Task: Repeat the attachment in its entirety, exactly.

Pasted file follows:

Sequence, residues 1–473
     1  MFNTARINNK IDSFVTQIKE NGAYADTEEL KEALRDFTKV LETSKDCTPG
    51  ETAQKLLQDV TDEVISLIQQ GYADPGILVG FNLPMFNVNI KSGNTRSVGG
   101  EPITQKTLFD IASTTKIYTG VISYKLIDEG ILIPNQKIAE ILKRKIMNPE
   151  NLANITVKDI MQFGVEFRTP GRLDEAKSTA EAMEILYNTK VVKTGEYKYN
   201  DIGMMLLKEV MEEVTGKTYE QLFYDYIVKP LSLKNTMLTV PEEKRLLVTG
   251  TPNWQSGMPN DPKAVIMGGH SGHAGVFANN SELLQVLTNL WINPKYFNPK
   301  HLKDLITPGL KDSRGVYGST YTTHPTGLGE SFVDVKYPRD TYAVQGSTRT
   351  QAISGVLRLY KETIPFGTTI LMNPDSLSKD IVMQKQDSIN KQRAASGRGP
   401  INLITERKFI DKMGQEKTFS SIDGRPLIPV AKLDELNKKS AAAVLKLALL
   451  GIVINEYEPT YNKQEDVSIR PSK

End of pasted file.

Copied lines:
Sequence, residues 1–473
     1  MFNTARINNK IDSFVTQIKE NGAYADTEEL KEALRDFTKV LETSKDCTPG
    51  ETAQKLLQDV TDEVISLIQQ GYADPGILVG FNLPMFNVNI KSGNTRSVGG
   101  EPITQKTLFD IASTTKIYTG VISYKLIDEG ILIPNQKIAE ILKRKIMNPE
   151  NLANITVKDI MQFGVEFRTP GRLDEAKSTA EAMEILYNTK VVKTGEYKYN
   201  DIGMMLLKEV MEEVTGKTYE QLFYDYIVKP LSLKNTMLTV PEEKRLLVTG
   251  TPNWQSGMPN DPKAVIMGGH SGHAGVFANN SELLQVLTNL WINPKYFNPK
   301  HLKDLITPGL KDSRGVYGST YTTHPTGLGE SFVDVKYPRD TYAVQGSTRT
   351  QAISGVLRLY KETIPFGTTI LMNPDSLSKD IVMQKQDSIN KQRAASGRGP
   401  INLITERKFI DKMGQEKTFS SIDGRPLIPV AKLDELNKKS AAAVLKLALL
   451  GIVINEYEPT YNKQEDVSIR PSK